Where was Seth Grahame-Smith when I needed him? I am pretty sure I could have drummed up a little more interest in Jane Austen’s classic if zombies had been involved.

All of this leads up to a short discussion of two of the latest entries into the fairly recent sub-sub-genre of horror that adapts classic works of literature and famous historical biographies to tell the stories as they “really” were, replete with zombies, vampires, werewolves, mummies and magic.

[Read more about Tom Sawyer and the Undead and Abraham Lincoln’s secret career as a vampire hunter...]

Jun 3 2010 2:05pm

Racism in Fairyland: The Silver Princess in Oz

The Silver Princess in Oz cover imageI wanted to fall in love with this book.  Halfway through, I almost did fall in love with this book.

And then I read the rest of it.

The Silver Princess in Oz brings back some familiar characters—Randy, now king of Regalia, and Kabumpo, the Elegant Elephant.  Both are experiencing just a mild touch of cabin fever.  Okay, perhaps more than a mild touch—Randy is about to go berserk from various court rituals and duties.  The two decide to sneak out of the country to do a bit of traveling, forgetting just how uncomfortable this can be in Oz.  Indeed, one of their first encounters, with people that really know how to take sleep and food seriously, almost buries them alive, although they are almost polite about it. Almost:

“No, no, certainly not. I don’t know when I’ve spent a more delightful evening,” Kabumpo said. “Being stuck full of arrows and then buried alive is such splendid entertainment.”

A convenient, if painful, storm takes them out of Oz and into the countries of Ix and Ev, where they meet up with Planetty and her silent, smoky, horse. Both of them, as they explain, are from Anuther Planet. (You may all take a moment to groan at the pun.)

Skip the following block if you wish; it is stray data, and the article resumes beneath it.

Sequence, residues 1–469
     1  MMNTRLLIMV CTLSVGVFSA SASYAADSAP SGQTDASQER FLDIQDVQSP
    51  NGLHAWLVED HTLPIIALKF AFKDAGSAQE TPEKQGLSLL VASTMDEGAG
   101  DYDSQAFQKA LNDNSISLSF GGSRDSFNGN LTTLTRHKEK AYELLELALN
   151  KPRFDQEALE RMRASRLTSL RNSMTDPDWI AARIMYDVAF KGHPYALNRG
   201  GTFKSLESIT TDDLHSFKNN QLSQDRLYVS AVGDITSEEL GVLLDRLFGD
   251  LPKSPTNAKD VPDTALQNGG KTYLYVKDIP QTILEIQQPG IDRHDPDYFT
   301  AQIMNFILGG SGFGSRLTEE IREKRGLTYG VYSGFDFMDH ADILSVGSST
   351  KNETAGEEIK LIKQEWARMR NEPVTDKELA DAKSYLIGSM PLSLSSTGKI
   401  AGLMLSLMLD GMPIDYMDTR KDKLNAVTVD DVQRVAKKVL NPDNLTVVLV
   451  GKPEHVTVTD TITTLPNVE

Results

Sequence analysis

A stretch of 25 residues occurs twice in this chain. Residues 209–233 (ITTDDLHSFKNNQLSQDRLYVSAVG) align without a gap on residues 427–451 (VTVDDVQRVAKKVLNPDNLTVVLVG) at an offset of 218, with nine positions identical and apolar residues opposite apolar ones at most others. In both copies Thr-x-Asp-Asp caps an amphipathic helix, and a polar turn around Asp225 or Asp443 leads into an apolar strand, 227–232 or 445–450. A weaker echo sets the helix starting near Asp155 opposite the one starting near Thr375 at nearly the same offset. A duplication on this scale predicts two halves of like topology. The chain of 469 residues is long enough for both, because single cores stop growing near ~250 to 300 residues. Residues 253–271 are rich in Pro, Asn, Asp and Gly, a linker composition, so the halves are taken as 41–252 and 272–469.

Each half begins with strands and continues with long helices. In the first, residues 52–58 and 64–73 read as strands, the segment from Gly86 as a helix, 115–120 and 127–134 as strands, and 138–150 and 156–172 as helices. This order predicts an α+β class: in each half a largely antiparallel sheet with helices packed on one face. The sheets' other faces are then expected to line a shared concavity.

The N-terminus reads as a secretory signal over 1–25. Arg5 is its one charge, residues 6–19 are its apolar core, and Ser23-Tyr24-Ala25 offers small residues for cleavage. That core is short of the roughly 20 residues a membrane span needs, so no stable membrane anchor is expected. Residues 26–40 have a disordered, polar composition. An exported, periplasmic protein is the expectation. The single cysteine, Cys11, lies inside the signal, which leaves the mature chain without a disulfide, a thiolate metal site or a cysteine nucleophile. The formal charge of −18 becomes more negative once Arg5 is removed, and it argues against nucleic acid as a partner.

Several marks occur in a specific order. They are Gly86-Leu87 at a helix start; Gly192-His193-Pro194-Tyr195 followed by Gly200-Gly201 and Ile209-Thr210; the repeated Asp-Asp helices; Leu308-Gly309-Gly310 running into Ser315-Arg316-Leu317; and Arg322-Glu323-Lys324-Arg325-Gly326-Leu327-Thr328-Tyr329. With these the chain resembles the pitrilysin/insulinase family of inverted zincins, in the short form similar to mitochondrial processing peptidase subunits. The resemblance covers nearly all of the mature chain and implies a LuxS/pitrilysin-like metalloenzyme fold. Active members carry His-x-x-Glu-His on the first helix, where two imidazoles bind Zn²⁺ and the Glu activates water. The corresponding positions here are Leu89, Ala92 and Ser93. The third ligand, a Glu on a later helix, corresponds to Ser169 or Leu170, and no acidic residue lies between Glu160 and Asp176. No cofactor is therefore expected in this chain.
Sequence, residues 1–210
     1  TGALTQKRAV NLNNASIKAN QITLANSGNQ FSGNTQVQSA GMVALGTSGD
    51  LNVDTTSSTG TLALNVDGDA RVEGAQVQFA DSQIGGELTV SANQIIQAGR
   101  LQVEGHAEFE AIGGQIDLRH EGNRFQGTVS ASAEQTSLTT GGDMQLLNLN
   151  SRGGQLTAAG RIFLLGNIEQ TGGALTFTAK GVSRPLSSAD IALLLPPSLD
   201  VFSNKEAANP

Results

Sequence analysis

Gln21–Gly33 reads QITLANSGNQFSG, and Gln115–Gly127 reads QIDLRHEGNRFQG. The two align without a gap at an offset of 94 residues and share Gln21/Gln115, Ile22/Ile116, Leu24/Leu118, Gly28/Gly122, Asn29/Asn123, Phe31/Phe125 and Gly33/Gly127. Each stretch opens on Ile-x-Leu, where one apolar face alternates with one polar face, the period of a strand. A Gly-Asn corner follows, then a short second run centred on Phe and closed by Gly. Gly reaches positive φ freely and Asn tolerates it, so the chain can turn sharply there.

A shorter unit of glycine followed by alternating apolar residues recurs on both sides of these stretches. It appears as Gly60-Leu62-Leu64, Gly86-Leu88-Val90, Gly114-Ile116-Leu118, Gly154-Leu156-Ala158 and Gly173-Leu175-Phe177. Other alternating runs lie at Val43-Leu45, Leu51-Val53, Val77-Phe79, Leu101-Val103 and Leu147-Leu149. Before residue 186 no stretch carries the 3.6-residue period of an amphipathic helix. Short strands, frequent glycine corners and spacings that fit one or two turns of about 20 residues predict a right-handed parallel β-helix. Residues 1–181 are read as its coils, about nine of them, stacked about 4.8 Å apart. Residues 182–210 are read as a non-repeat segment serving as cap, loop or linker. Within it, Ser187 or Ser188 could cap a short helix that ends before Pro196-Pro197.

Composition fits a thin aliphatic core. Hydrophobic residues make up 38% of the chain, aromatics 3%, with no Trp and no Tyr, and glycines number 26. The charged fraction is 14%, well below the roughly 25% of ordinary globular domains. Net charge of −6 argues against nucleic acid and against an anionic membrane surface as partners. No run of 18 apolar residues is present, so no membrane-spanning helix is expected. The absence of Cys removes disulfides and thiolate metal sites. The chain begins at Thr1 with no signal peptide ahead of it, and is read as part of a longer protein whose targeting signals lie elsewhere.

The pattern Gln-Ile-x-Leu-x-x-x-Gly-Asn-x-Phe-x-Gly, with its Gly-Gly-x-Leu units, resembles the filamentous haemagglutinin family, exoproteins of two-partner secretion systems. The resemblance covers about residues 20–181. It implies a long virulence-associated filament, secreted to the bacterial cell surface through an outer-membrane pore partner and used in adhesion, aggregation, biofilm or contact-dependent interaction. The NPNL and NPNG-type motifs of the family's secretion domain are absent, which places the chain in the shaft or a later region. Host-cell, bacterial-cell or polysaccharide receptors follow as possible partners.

[Warning: description and discussion of racist acts below.]

Apr 22 2010 2:38pm

Star Trek Re-Watch: “The Gamesters of Triskelion”

“The Gamesters of Triskelion”
Written by Margaret Armen
Directed by Gene Nelson

Season 2, Episode 16
Production episode: 2x17
Original air date: January 5, 1968
Star date: 3211.7

Mission summary

Enterprise is assigned to check on the automatic communications and astrogation stations on an uninhabited planet, Gamma II. Kirk, Uhura, and Chekov are all set to beam down when they abruptly disappear from the transporter pad without the usual shining and whining beam effect. Scotty’s a miracle worker, but even he isn’t good enough to work the transporter without touching the controls—he has no idea what happened, or where they are. Spock is dubious.

[Reset the workplace safety sign—“Days Since Last Transporter Accident: 0”]

Apr 22 2009 5:08pm

America the Beautiful: Terry Bisson’s Fire on the Mountain

After reading Kindred, I wanted to read something where the slaves were freed, and not just freed a bit, but freed a lot. So that would be Terry Bisson’s Fire on the Mountain (1988). It’s an alternate history, and an alternate US Civil War where John Brown’s raid on Harper’s Ferry is successful. The book is set a hundred years later in 1959 on the eve of the first manned Mars landing, but it also contains letters and a diary from 1859.

Terry Bisson is one of those brilliant writers who is inexplicably uncommercial. He has the gift of writing things that make me miss my stop on the metro because I’m so absorbed, but I almost never meet anyone who reads him. My very favourite book of his is Talking Man, an American fantasy, which I will no doubt talk about here in due course. A Fire on the Mountain runs it a close second. It got wonderful reviews—they’re all over this Ace paperback I bought new in 1990. His short work wins awards, and I’ll buy SF magazines if he has a story in them. I think he’s one of the best living stylists. But all he has in print are a three admittedly excellent collections.

[Read more...]

Apr 21 2009 2:22pm

Time travel and slavery: Octavia Butler’s Kindred

The immediate effect of reading Octavia Butler’s Kindred is to make every other time travel book in the world look as if it’s wimping out. The Black Death in Doomsday Book? Wandering about your own life naked in Time Traveller’s Wife? Pikers. Only Days of Cain and The Devil’s Arithmetic can possibly compete. In Kindred, Dana finds herself repeatedly going back from her own happy life in Los Angeles in 1976 to a plantation in Maryland in 1815. And she’s black, a fact given away by every cover and blurb I’ve ever seen about the book but actually cleverly concealed by the text for quite a time, so that if you’d managed to read it with nothing between you and the words it would be something you’d be worried about until it is confirmed.